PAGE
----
Children are frequently the innocent victims in car accidents. But what about a child injured due to a defect in a car? More precisely, what about a child born with a birth defect that may be attributed to a defect in a car's design or manufacture? New York's highest court recently addressed such a case.
In 1991, a woman was driving her 1989 BMW when she “began to notice a smell of gasoline in the vehicle.” This smell came and went over a period of several months. At times, the woman said she “it was so strong it caused her headaches, dizziness and throat irritation.” Other family members noticed a similar gasoline smell when riding in the same car. The woman said she took the car to a mechanic, but he could detect no problem with the vehicle.
Later that year, the woman became pregnant. Shortly thereafter, the same mechanic examined the vehicle for a second time and “discovered a fuel leakage into the engine compartment caused by a split fuel hose.” As it turned out, this was a defect in the vehicle's design, and the manufacturer issued a recall around 1994.
The woman delivered her baby in May 1992. The child had a number of physical and mental impairments, including a form of cerebral palsy and impaired visual function. In 2008, the child sued the auto manufacturer and the mechanic, alleging the fuel leakage “caused his injuries by exposing him in utero to toxic gasoline vapor.”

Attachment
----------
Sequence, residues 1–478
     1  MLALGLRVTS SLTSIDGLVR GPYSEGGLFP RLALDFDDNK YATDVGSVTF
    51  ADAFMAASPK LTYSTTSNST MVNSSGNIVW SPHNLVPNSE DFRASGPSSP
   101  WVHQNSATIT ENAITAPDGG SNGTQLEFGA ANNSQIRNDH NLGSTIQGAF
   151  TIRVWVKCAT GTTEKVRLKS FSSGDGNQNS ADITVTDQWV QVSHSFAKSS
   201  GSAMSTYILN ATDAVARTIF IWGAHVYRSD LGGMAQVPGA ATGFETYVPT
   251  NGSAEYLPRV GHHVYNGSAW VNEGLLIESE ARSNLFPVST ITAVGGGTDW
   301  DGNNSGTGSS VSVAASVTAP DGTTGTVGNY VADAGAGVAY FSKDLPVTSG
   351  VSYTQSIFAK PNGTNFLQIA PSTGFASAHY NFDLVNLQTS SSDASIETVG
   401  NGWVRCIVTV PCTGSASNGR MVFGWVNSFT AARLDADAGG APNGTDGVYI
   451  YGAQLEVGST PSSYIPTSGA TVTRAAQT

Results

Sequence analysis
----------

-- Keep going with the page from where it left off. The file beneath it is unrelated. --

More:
Among other evidence, the victim offered two expert witnesses to demonstrate causation—that is, connecting the birth defects to the toxic gas leakage caused by the manufacturer's failure to prevent or correct the fuel leakage. The first expert testified the child's mother “inhaled 1,000 parts per million of gasoline vapor” during the early stages of pregnancy, and this was capable of causing the birth defects found in the victim. The second expert reached the same conclusion.
The trial judge, however, agreed with the defendants that the experts' testimony was inadmissible. An intermediate appellate court upheld the trial judge's decision but also asked the New York Court of Appeals to weigh in. In a unanimous opinion issued on February 11, the Court of Appeals agreed with the two lower courts.
The problem here, the Court of Appeals explained, was that the two experts based their opinions largely on the reports of the victim's mother and other family members that they “smelled gasoline” in the car. This was not enough, the court said, to establish whether or not the victim was actually exposed to a sufficient level of gasoline fumes to cause his birth defects. The court noted neither the victim nor his experts could identify any “text, scholarly article or scientific study...that approves of or applies this type of methodology.” Here, the court said the experts were “working backwards from reported symptoms to divine an otherwise unknown concentration of gasoline vapor.”